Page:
What's your persona? Study dissects iPhone, iPad habits

The iPhone was the far more popular device for single people, new moms, and "value shoppers," according to the study by Flurry Analytics.

Google

That people use smartphones and tablets for different tasks at different times is not so surprising, though a new study shows some of the distinct differences in what each device is used for.

Research firm Flurry Analytics on Friday released data from a study of iPhone and iPad users across 35 different usage categories, as well as how those devices are used during a normal day.

One of the main findings is that the iPhone was the far more popular device for single people, new moms, and "value shoppers." That's opposed to the iPad, which skewed more toward pet owners, small-business owners, moms, and "casual simulation gamers." Flurry came up with these personas based on app usage, and an individual could fall into more than one category.

Flurry says it's currently tracking activity on around 397 million iOS devices. Developers use Flurry to track activity within their applications on iOS and Android, and Flurry combs some of that data to spot trends. This research was based on a random sample of 44,295 users taken during May.

Flurry

Other findings note that iPad users spent 42 percent more time in apps than iPhone users during the entire month. That number was skewed by certain activities, which make more sense on mobile devices where navigation, health and fitness apps, and photo and video apps made up the top three activities on the iPhone.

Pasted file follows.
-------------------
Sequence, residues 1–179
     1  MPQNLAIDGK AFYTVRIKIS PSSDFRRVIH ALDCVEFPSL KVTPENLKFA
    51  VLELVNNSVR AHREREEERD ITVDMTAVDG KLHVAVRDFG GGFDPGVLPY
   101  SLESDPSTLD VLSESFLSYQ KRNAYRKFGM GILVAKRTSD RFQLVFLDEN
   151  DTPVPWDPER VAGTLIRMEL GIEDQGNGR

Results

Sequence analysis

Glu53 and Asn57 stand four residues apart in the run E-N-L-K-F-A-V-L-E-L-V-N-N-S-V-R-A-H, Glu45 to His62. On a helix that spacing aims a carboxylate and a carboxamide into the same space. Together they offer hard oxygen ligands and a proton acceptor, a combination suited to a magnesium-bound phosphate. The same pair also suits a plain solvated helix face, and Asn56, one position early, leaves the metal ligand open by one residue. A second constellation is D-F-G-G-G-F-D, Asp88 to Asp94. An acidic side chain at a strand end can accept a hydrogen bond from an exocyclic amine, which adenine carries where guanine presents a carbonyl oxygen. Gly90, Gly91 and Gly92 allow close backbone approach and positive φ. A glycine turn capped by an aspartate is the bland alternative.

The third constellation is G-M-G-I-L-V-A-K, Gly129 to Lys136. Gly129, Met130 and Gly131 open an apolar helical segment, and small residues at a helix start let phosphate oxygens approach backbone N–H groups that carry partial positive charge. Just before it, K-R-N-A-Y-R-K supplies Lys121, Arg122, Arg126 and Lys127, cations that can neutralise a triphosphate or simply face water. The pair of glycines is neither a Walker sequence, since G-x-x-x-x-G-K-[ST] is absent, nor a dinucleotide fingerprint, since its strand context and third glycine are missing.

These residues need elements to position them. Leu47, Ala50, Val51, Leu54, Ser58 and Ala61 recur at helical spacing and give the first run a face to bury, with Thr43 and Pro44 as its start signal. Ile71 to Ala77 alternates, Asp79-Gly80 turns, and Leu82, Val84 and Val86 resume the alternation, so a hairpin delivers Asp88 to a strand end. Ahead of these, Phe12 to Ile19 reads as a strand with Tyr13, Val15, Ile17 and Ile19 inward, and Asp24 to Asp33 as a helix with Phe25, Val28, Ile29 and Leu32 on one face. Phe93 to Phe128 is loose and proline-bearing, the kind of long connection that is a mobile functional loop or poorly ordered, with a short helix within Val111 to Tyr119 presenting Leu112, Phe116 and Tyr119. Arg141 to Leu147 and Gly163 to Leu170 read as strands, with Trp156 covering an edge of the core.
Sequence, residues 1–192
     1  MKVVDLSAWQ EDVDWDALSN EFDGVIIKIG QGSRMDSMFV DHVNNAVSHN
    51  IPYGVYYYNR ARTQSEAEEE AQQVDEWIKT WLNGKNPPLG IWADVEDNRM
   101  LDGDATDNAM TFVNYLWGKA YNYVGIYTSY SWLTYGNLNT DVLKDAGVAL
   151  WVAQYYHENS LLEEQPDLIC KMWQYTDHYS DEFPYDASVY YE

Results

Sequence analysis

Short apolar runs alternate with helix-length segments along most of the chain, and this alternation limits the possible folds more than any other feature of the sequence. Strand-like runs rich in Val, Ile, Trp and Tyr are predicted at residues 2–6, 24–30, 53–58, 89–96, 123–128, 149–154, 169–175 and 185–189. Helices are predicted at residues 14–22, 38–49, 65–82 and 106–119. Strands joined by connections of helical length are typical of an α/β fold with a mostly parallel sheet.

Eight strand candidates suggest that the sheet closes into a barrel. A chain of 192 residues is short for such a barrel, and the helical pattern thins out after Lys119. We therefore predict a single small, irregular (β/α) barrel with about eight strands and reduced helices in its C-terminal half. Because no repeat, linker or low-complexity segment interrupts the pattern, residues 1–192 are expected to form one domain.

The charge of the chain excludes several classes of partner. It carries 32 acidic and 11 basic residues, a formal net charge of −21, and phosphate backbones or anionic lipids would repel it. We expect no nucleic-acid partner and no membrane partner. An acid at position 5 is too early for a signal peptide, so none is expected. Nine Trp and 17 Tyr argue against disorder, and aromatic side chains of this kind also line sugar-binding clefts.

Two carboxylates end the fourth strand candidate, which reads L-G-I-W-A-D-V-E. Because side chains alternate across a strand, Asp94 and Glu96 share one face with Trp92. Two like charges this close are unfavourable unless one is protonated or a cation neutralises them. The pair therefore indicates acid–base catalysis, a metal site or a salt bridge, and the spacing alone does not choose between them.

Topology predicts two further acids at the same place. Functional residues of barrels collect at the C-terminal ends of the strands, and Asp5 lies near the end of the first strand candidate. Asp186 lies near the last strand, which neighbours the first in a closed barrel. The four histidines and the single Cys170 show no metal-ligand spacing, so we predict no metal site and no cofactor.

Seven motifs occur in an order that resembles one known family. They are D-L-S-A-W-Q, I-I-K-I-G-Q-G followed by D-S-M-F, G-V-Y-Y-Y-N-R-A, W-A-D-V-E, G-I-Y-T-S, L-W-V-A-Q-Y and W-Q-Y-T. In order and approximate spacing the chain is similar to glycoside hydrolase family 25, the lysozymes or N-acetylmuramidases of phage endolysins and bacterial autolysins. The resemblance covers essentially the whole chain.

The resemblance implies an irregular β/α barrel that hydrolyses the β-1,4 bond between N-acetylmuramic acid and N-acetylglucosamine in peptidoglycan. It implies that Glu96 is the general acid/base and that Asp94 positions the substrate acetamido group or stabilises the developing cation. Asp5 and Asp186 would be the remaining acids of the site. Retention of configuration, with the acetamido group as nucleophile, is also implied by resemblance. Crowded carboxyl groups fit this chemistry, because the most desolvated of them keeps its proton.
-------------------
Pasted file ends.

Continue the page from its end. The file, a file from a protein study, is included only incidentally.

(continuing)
The study also found that the iPad got heavier use in the evenings, from 6 to 11 p.m., and actually overshadowed iPhone use during most of that time. On the flip side, more users would begin to break out the iPhone between 2 to 4 a.m., which the company attributes to "hip urban lifestylers finding their way home from a late night."

You can find all the results here.


About the author

Josh Lowensohn joined CNET in 2006 and now covers Apple. Before that, Josh wrote about everything from new Web start-ups, to remote-controlled robots that watch your house. Prior to joining CNET, Josh covered breaking video game news, as well as reviewing game software. His current console favorite is the Xbox 360.

 

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